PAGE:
Google has announced an online platform for hosting web applications free of charge, in its biggest attack on Microsoft yet.
Remember Google Gears? Last year, around the end of May, there was a lot of buzz about Google’s secret new weapon. Google was on the verge of a major breakthrough, something that would revolutionize the web and bring in a new era of peace and prosperity. PC World went as far as to name it the most innovative product of the year as bloggers around the world collectively forgot how to breathe, eat and sleep.
Unfortunately – nearly a year later - Google’s little idea hasn’t gained much traction. Even PC World published a blog entry called, “The Frustratingly Unfulfilled Promise of Google Gears”. That doesn’t mean, however, that Gears is a complete dud. It still has potential and a lot of muscle in form of Google. The revolution may still be coming, albeit in a different form and later than expected. Indeed, Google recently announced its Docs product would, in the next few weeks, support Gears, so you can view and edit your documents offline, which is a step in the right direction.
Since Gears Google has been a little quiet. Amazon managed to generate and maintain a bit of buzz with its elastic compute cloud (EC2) and simple storage services (S3). All we heard from Google was talk about BigTable. The excitement began to disappear, the magic began to fade. But now Google and the buzz are back. A few hours ago, Google announced, “Google App Engine”.
Google explains: “Google App Engine lets you run your web applications on Google's infrastructure. App Engine applications are easy to build, easy to maintain, and easy to scale as your traffic and data storage needs grow. With App Engine, there are no servers to maintain: You just upload your application, and it's ready to serve your users.”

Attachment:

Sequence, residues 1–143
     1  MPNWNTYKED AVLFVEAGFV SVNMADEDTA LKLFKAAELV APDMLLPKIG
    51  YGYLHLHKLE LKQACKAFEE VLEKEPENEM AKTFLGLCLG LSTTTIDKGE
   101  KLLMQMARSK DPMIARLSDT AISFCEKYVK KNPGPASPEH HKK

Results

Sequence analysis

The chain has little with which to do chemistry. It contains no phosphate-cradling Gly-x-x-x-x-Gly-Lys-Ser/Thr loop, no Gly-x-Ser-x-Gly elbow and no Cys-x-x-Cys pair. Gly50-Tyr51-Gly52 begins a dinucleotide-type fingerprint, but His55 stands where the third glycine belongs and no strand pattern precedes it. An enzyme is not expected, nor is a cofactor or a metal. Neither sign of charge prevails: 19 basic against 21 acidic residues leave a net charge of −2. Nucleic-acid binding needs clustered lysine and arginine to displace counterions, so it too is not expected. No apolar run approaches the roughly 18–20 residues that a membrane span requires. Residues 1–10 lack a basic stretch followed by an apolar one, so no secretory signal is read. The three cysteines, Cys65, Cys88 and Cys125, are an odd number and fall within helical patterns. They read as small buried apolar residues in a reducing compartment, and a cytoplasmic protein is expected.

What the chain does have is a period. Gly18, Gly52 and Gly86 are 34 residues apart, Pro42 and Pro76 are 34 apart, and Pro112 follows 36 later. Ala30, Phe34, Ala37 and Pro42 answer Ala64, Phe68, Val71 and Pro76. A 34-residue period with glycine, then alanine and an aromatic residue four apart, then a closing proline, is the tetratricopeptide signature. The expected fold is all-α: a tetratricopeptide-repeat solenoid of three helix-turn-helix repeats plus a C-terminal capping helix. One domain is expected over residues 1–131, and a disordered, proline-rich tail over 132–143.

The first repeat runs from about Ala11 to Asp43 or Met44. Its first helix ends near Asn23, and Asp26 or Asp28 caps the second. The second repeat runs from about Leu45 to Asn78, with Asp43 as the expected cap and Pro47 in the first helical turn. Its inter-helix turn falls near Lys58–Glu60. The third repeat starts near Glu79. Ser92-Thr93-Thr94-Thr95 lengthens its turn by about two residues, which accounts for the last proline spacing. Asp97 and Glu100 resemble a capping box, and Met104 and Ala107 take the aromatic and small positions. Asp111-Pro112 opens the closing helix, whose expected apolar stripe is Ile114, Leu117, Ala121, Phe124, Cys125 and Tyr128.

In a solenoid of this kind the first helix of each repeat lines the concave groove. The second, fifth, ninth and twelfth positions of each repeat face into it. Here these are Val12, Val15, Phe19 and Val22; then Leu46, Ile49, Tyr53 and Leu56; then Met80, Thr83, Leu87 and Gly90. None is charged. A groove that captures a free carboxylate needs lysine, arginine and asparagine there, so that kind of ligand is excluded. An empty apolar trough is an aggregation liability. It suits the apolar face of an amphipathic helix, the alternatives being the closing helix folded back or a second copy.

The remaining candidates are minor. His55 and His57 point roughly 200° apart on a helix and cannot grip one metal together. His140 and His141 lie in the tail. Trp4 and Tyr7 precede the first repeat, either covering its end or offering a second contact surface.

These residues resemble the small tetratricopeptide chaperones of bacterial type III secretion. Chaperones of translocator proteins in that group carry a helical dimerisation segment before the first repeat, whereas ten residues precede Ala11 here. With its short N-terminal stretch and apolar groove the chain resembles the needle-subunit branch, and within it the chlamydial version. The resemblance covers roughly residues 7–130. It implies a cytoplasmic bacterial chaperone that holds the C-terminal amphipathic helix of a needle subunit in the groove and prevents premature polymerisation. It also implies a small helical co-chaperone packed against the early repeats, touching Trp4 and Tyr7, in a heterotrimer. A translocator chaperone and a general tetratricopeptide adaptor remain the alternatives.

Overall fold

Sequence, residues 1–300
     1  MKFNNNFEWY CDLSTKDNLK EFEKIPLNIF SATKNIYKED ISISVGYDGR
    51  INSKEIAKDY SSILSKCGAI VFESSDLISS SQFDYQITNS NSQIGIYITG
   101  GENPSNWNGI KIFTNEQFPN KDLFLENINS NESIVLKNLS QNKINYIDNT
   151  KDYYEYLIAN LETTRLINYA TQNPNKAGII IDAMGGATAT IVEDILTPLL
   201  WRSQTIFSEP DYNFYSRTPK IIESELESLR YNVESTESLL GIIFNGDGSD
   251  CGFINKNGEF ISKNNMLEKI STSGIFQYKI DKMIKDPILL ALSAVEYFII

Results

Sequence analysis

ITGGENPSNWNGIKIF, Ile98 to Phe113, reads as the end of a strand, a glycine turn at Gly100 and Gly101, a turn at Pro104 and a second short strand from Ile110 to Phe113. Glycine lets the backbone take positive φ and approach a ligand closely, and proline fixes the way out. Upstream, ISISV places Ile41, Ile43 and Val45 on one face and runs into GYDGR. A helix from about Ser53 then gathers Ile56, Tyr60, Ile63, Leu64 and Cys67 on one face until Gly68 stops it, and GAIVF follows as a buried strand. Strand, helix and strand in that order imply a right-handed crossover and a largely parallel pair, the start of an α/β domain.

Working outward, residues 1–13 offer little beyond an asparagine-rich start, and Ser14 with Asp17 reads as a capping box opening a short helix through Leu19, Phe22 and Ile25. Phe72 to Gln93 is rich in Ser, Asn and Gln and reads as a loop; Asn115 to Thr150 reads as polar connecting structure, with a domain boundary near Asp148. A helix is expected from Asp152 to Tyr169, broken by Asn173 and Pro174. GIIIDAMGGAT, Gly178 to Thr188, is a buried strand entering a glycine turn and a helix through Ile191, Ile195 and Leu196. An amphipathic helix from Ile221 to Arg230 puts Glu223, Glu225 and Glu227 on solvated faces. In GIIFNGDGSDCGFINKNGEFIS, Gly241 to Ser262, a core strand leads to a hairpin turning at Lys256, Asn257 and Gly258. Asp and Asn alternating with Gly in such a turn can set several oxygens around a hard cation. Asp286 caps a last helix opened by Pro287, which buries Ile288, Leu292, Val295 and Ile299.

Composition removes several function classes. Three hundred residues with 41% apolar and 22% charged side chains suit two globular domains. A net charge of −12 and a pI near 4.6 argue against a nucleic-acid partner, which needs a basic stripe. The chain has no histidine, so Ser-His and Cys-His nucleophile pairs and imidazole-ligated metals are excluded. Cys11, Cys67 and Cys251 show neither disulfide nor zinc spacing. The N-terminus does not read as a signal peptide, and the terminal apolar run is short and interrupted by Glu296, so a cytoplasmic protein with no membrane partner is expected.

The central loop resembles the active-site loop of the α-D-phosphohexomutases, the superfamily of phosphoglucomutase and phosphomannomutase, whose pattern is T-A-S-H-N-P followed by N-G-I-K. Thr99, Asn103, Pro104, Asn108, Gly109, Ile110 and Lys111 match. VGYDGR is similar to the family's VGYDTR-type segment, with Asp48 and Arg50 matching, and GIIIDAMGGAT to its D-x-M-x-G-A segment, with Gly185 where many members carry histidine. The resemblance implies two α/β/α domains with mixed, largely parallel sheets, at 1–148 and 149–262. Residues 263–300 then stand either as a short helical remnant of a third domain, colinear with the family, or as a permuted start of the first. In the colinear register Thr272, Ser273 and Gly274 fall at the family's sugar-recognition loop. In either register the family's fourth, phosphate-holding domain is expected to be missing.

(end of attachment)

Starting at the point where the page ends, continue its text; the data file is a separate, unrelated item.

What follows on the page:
In other words, Google App Engine gives developers the ability to implement web applications, with access to Google’s datastore, users, URL fetch and mail APIs and run them reliably on Google’s own servers with load balancing, scaling and other issues taken care of automatically.
More so, right now, the “App Engine costs nothing to get started. Sign up for a free account, and you can develop and publish your application for the world to see, at no charge and with no obligation. A free account can use up to 500MB of persistent storage and enough CPU and bandwidth for about 5 million page views a month.” The free accounts will remain after the current preview period but people will also be able to buy extra computing resources.
App Engine uses a python runtime with access to most standard python runtime libraries. It also provides access to the Django application framework. Nevertheless, other programming languages are being considered by Google too.
Google wouldn’t be Google if it didn’t provide a few interesting examples to showcase its technology. The Google App Engine gallery is the place to have a look at what other people have come up with. Funnily enough a number of apps like Huddle Chat, ToDone and OnThaFly didn’t actually work when we tried them.
If App Engine is as simple, flexible and robust as Google claims – it will be popular. I'll be trying it over the coming months (an invitation has just dropped in my inbox) and will report back my findings. And, if Google finds a way to simplify and integrate Gears with the App Engine then it may pull off an even bigger win. But for now, let’s hope that App Engine goes the way of Gmail rather than Gears.